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PASADENA—A team of Caltech astronomers has pinpointed a gamma-ray burst several billion light-years away from the Milky Way. The team was following up on a discovery made by the Italian/Dutch satellite BeppoSAX.
The results demonstrate for the first time that at least some of the enigmatic gamma-ray bursts that have puzzled astronomers for decades are extragalactic in origin.
The team has announced the results in the International Astronomical Union Circular, which is the primary means by which astronomers alert their colleagues of transient phenomena. The results will be published in scientific journals at a later date.
Mark Metzger, a Caltech astronomy professor, said he was thrilled by the result. "When I finished analyzing the spectrum and saw features, I knew we had finally caught it. It was a stunning moment of revelation. Such events happen only a few times in the life of a scientist."
According to Dr. Shri Kulkarni, an astronomy professor at Caltech and another team member, gamma-ray bursts occur a couple of times a day. These brilliant flashes seem to appear from random directions in space and typically last a few seconds.
"After hunting clues to these bursts for so many years, we now know that the bursts are in fact incredibly energetic events," said Kulkarni.
For team member and astronomy professor George Djorgovski, "Gamma-ray bursts are one of the great mysteries of science. It is wonderful to contribute to its unraveling."
The bursts of high-energy radiation were first discovered by military satellites almost 30 years ago, but so far their origin has remained a mystery. New information came in recent years from NASA's Compton Gamma-Ray Observatory satellite, which has so far detected several thousand bursts. Nonetheless, the fundamental question of where the bursts came from remained unanswered.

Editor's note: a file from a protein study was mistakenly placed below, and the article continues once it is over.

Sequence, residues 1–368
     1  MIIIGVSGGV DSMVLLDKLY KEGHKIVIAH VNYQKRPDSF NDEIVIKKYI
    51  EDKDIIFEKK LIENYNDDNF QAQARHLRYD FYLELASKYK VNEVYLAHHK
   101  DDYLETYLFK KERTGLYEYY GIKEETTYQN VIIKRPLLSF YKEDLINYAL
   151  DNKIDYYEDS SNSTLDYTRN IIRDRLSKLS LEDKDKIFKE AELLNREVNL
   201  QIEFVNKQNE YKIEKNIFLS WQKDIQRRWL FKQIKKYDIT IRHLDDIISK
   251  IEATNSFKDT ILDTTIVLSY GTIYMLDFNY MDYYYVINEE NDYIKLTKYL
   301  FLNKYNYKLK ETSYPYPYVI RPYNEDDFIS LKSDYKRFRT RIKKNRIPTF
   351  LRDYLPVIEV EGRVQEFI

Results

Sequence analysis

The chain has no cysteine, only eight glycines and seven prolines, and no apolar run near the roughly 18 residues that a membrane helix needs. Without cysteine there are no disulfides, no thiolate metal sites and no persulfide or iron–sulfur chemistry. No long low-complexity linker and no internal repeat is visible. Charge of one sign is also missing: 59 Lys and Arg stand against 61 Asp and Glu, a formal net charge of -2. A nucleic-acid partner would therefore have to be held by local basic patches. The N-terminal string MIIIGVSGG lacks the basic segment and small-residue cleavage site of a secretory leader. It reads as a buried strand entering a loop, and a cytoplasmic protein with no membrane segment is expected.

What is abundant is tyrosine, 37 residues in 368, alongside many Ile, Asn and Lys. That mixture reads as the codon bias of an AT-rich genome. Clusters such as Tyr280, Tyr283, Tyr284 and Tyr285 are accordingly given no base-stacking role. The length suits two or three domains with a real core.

Competing theories on gamma-ray bursts generally fall into two types: one, which supposes the bursts to originate from some as-yet unknown population of objects within our own Milky Way galaxy, and another, which proposes that the bursts originate in distant galaxies, several billion light-years away. If the latter (as was indirectly supported by the Compton Observatory's observations), then the bursts are among the most violent and brilliant events in the universe.
Progress in understanding the nature of ters had to make an extra effort to identify this counterpart quickly so that the Keck observations could be carried out when the object was bright. The discovery is a major step to help scientists understand the nature of the burst's origin. We now know that for a few seconds the burst was over a million times brighter than an entire galaxy. No other phenomena are known that produce this much energy in such a short time. Thus, while the observations have settled the question of whether the bursts come from cosmological distances, their physical mechanism remains shrouded in mystery.
The Caltech team, in addition to Metzger, Kulkarni, and Djorgovski, consists of professor Charles Steidel, postdoctoral scholars Steven Odewahn and Debra Shepherd, and graduate students Kurt Adelberger, Roy Gal, and Michael Pahre. The team also includes Dr. Dale Frail of the National Radio Astronomy Observatory in Socorro, New Mexico.